Stocks plunge amid global recovery fears
The Dow plummeted by more than 2 percent on Wednesday, losing about 279 points, after Moody's cut Greece's bond ratings
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The dollar rose against a basket of currencies. Meanwhile, oil prices declined. U.S. light, sweet crude fell $2.41 to settle at $100.29 a barrel, while London Brent crude slipped $2.20 to settle at $114.53 per barrel.
Precious metals closed mixed. Gold rose 0.4 percent to settle at $1,542, while silver fell 1.6 percent to $37.69.
On the economic front, the Institute for Supply Management's index of manufacturing fell to 53.5 in May from 60.4 in April, the lowest level since September 2009. Analysts expected the index to fall to 57.7.
Construction spending, meanwhile, rose 0.4 percent in April, the Commerce Department reported. But spending in April was revised down to a 0.1 percent gain from the previously reported 1.4 percent gain. Economists surveyed by Reuters had expected construction spending to rise 0.3 percent.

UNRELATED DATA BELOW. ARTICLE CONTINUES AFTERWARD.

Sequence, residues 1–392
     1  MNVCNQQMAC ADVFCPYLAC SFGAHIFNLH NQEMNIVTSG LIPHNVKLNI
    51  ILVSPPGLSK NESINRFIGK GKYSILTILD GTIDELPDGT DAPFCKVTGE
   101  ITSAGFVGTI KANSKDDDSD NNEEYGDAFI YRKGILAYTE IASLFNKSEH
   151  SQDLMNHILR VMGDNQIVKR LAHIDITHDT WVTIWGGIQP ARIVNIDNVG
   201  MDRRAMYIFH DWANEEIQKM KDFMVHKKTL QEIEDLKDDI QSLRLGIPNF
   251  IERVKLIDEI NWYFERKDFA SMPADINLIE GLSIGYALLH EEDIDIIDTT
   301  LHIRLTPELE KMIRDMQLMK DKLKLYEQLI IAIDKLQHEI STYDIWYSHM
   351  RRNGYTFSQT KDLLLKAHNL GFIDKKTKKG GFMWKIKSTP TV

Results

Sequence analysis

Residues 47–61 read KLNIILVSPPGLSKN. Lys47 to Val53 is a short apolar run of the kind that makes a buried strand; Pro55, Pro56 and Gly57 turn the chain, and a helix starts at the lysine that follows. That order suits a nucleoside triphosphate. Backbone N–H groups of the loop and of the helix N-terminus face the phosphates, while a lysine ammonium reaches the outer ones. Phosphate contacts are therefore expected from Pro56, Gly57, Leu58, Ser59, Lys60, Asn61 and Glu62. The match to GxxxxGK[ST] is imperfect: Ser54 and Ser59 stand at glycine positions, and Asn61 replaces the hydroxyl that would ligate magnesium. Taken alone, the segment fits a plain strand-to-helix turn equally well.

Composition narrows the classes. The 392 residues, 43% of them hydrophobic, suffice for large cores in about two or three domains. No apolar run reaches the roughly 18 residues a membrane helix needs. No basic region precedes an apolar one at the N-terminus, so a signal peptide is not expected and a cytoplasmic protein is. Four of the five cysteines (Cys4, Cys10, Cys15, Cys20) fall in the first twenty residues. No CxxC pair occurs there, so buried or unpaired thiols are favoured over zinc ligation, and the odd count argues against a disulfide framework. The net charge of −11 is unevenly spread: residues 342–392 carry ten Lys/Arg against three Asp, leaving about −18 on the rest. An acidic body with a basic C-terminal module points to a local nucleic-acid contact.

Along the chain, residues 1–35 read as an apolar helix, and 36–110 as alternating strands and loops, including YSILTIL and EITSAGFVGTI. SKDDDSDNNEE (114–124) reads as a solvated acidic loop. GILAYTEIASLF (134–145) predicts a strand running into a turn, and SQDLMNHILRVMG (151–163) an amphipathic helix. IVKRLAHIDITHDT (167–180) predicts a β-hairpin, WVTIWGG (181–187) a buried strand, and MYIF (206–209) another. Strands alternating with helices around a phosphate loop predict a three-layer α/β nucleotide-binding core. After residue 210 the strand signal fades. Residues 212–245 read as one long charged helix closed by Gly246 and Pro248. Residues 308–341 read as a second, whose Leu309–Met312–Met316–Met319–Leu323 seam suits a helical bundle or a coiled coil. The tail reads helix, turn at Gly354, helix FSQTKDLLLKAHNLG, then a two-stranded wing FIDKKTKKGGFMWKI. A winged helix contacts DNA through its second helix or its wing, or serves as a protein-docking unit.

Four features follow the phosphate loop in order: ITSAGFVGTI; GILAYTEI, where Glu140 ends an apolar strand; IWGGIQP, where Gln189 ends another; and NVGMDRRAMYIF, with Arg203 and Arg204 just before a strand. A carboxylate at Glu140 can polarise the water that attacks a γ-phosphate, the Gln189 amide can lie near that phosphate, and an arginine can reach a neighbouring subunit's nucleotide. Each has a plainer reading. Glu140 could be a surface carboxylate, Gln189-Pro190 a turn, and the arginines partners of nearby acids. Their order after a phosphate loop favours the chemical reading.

And the private sector added only 38,000 jobs in May, according to a jobs report from Automatic Data Processing and Macroeconomic Advisers, far less than what most analysts had expected. In April, the private sector had gained 177,000 jobs, down from the 179,000 initially reported.
The weak economic news is prompting analysts to cut their forecasts for April non-farm payrolls, which will be released on Friday. Goldman Sachs cut its forecast to a 100,000 gain from 150,000, while Credit Suisse cut its forecast to 120,000 from 185,000.
Economists surveyed by Reuters had expected payrolls to rise by 180,000 in May, down from a gain of 244,000 in April.
Another report showed the planned layoffs rose 37,135 job cuts last month, up 1.8 percent from April, and up 4.3 percent from a year ago, according to Challenger, Gray & Christmas, an outplacement firm.
Wednesday's weak economic data continues a recent trend and the “negative seasonality factor” will likely keep the markets choppy for the “next few months,” said Ryan Detrick, senior technical strategist at Schaeffer’s Investment Research.
However, Detrick said a lot of the economic concerns have already been priced into the markets and he expects stocks to climb in the second half of the year.